To assess whether the molecules populate conformations that would allow bivalent binding, CD80 molecules were docked onto the CD28 dimers, based on the ligand interface in the CD80-CTLA-4 co-crystals . The buried surface between the carboxy-terminal domains of CD80 was calculated to measure the extent of steric interference that would preclude bivalent binding. The WT CD28 simulations generate large buried surfaces indicating that the ligands would often physically collide, indicative of monovalent conformations (Figure 2E). An illustration of this steric interference that precludes bivalent binding is shown in Figure 2G. In contrast, 81% of K118I/K120P CD28 conformations result in no buried surface between the CD80 molecules (Figure 2F), indicating that these conformations could bind ligand bivalently. An example of such conformation is shown in Figure 2H. This gain-in-function mutation is distal to the ligand-binding site and MD simulations do not predict any changes at the binding site itself that would suggest a change in affinity. Rather the MD simulations predict that K118I/K120P CD28 adopts a stable conformation that would accommodate bivalent binding. These data suggest that a change in valency is sufficient to provide a functionally relevant increase in ligand interactions.
K118I/K120P CD28 Can Bind CD80 in the Absence of TCR Signaling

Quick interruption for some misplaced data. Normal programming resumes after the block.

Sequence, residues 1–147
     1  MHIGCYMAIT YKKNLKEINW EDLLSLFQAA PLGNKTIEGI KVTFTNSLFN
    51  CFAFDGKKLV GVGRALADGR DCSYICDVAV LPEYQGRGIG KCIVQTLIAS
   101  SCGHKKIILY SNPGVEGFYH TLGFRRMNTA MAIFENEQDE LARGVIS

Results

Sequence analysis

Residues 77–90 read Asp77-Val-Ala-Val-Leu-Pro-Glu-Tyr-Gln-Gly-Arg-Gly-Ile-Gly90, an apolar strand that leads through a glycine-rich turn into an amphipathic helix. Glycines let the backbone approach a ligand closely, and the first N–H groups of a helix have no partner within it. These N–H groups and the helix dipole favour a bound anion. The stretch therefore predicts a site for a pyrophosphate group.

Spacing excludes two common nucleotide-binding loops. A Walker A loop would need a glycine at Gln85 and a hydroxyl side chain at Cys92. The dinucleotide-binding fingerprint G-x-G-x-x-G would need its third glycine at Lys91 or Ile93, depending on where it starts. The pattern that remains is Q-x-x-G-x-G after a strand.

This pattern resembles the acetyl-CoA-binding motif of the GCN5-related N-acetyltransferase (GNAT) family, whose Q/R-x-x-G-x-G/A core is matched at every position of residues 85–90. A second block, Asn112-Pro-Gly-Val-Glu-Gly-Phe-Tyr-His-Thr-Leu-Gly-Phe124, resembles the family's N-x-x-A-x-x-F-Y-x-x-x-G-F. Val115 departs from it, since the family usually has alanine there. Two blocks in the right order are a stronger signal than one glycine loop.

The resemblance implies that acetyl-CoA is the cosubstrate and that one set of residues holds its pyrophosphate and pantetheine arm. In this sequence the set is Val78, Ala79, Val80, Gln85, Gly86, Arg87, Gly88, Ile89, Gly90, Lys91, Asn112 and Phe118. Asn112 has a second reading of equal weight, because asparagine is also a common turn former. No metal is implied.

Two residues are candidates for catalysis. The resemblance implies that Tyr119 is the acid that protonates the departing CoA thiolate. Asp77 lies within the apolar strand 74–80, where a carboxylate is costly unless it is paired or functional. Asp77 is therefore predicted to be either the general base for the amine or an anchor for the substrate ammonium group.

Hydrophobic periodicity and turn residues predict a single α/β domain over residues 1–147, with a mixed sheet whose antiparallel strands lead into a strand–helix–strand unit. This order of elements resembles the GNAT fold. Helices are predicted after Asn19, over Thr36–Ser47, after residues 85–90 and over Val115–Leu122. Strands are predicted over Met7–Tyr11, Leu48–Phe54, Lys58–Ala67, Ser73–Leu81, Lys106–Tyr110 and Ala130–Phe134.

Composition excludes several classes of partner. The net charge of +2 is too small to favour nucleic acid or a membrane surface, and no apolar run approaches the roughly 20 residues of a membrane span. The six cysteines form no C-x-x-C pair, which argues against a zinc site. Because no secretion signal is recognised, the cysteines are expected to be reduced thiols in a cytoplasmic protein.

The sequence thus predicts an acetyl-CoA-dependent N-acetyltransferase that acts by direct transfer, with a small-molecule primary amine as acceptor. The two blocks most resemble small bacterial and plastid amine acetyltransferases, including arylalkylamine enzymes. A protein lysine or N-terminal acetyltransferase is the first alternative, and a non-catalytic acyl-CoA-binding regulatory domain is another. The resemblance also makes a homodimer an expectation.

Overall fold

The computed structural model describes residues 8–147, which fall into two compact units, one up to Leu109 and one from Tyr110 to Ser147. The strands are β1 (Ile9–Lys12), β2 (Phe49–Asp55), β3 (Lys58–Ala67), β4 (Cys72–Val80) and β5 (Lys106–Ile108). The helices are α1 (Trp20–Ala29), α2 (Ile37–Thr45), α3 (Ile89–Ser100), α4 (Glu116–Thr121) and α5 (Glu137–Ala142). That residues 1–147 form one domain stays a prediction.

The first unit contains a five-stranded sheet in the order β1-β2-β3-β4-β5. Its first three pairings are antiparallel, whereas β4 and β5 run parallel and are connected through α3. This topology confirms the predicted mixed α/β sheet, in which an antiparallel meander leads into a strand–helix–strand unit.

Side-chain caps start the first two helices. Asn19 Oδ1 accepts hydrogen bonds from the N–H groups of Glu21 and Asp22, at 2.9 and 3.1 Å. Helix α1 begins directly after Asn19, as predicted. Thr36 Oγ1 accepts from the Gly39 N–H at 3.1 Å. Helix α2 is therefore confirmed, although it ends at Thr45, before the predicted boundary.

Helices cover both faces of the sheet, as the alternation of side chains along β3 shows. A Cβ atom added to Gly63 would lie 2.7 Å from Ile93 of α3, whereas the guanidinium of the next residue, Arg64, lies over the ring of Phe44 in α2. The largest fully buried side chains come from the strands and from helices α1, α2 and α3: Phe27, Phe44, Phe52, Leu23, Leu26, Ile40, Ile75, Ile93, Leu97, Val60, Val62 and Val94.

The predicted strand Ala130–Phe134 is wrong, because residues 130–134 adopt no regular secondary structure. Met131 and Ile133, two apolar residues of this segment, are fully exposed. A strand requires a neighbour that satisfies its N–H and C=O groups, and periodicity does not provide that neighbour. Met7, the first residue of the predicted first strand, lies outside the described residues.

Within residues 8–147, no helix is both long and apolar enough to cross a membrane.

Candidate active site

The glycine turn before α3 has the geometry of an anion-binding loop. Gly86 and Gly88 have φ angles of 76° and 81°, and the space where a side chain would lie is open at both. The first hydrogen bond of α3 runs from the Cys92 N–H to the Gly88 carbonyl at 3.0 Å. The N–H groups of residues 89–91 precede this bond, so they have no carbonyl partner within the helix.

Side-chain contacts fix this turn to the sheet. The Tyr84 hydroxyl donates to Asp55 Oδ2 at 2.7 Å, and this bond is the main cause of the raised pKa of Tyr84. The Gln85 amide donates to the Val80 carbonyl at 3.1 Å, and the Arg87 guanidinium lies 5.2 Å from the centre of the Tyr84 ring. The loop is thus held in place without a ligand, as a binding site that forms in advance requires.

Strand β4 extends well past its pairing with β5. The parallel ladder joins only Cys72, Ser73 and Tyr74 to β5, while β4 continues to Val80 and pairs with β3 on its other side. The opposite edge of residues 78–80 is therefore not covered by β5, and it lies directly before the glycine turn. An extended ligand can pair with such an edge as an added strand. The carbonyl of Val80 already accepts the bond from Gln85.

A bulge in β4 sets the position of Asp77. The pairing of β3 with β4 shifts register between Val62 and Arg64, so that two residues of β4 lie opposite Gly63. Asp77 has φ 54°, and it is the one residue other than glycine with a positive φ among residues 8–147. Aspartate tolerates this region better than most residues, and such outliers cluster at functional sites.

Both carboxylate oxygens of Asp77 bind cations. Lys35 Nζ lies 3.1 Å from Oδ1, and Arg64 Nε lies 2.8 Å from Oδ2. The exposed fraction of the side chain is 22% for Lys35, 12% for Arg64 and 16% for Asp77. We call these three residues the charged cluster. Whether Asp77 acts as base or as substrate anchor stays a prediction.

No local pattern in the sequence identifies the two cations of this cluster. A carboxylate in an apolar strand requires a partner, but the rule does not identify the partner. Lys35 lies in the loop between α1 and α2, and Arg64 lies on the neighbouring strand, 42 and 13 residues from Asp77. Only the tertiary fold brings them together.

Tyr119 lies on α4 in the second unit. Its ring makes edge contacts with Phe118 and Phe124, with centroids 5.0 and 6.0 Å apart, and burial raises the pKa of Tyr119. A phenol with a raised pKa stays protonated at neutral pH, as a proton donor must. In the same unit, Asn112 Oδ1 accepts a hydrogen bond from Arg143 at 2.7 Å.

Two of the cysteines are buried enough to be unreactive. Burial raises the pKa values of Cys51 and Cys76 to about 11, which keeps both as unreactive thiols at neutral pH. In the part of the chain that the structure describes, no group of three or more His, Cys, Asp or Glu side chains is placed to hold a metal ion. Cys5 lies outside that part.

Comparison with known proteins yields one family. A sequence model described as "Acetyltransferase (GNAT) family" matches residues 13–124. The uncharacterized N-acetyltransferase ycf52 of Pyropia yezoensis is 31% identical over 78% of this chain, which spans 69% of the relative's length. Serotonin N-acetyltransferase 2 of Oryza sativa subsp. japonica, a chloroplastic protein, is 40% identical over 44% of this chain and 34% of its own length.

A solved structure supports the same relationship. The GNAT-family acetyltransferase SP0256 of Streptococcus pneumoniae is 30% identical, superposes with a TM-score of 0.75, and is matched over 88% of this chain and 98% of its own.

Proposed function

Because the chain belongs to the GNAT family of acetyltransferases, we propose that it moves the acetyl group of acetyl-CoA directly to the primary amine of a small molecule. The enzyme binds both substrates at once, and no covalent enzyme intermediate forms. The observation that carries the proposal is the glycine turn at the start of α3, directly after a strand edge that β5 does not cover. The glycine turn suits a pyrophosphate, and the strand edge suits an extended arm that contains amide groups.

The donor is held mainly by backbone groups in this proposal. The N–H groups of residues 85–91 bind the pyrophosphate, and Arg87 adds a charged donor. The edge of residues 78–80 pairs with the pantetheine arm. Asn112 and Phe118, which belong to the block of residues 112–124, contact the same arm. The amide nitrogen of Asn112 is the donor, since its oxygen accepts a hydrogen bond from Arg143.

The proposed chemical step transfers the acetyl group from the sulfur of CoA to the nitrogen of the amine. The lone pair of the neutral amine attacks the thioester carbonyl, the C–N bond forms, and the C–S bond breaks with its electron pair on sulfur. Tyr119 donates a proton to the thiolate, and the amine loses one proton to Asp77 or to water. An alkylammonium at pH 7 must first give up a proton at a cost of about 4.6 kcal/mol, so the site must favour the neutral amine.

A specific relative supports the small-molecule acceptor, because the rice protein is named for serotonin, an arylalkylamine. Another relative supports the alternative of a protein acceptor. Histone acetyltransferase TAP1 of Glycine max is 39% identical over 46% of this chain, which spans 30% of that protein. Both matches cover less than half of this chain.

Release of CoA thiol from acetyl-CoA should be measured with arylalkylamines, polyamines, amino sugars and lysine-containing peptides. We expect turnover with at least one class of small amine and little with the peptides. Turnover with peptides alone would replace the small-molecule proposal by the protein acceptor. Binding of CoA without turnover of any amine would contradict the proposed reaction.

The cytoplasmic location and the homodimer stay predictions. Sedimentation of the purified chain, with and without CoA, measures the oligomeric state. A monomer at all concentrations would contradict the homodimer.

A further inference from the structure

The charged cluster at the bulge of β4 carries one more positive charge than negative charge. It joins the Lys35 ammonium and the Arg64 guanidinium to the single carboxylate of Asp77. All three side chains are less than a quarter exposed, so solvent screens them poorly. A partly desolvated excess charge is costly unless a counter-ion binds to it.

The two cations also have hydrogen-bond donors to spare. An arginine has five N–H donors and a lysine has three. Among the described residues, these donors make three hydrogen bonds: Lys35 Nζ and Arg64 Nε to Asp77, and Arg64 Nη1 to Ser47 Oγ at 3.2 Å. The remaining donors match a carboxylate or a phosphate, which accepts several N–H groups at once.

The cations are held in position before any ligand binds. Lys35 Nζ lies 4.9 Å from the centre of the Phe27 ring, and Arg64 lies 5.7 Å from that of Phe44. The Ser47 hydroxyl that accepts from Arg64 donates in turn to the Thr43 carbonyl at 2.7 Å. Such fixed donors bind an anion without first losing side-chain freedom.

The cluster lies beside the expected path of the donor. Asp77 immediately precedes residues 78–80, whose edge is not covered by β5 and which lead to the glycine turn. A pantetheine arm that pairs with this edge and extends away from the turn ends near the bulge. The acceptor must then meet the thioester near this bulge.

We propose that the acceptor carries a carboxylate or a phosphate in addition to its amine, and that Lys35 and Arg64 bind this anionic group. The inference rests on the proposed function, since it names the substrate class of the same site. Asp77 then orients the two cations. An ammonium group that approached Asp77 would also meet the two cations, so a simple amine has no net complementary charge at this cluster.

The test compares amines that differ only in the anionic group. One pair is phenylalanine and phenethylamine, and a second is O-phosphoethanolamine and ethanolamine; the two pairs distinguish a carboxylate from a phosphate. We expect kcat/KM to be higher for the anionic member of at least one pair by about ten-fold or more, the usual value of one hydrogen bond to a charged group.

To assess the impact of potential bivalent binding on CD28 ligand interactions, the K118I/K120P mutations were introduced into CD28 by site-directed mutagenesis. WT and mutated CD28 were fused to YFP at the C terminus and retrovirally transduced into CD28-deficient T cells. Both WT and K118I/K120P CD28 were expressed at equivalent levels at the cell surface (Figure 3 A and B). Importantly, the relative ratio of cell surface CD28 (as measured by antibody staining) to total CD28 (as measured by YFP fluorescence) was equivalent, indicating that the mutations did not impact the efficiency of CD28 expression at the plasma membrane (Figure 3A). To assess the ability of CD28 to interact with ligand, cell:cell conjugates were formed between T cells and APCs, and the localization of CD28 was determined by fluorescence microscopy (Figure 3 C–F). Neither WT nor K118I/K120P CD28 was polarized toward CD80-negative APC in the presence or absence of TCR signaling (Figure 3 C and E), indicating that CD28 polarization to the immunological synapse was dependent on ligand binding. For WT CD28, CD28-ligand binding requires concurrent TCR signaling  and WT CD28 is polarized toward CD80-positve APC only in the presence of antigen (Ag) (Figure 3 D–F). In contrast, K118I/K120P CD28 is polarized toward cells expressing CD80 in the presence and absence of Ag (Figure 3 D–F). Thus, mutation of the two lysine residues bypasses the apparent need for activation of ligand binding, allowing K118I/K1210P CD28 to be efficiently recruited towards the immunological synapse in the absence of TCR signaling.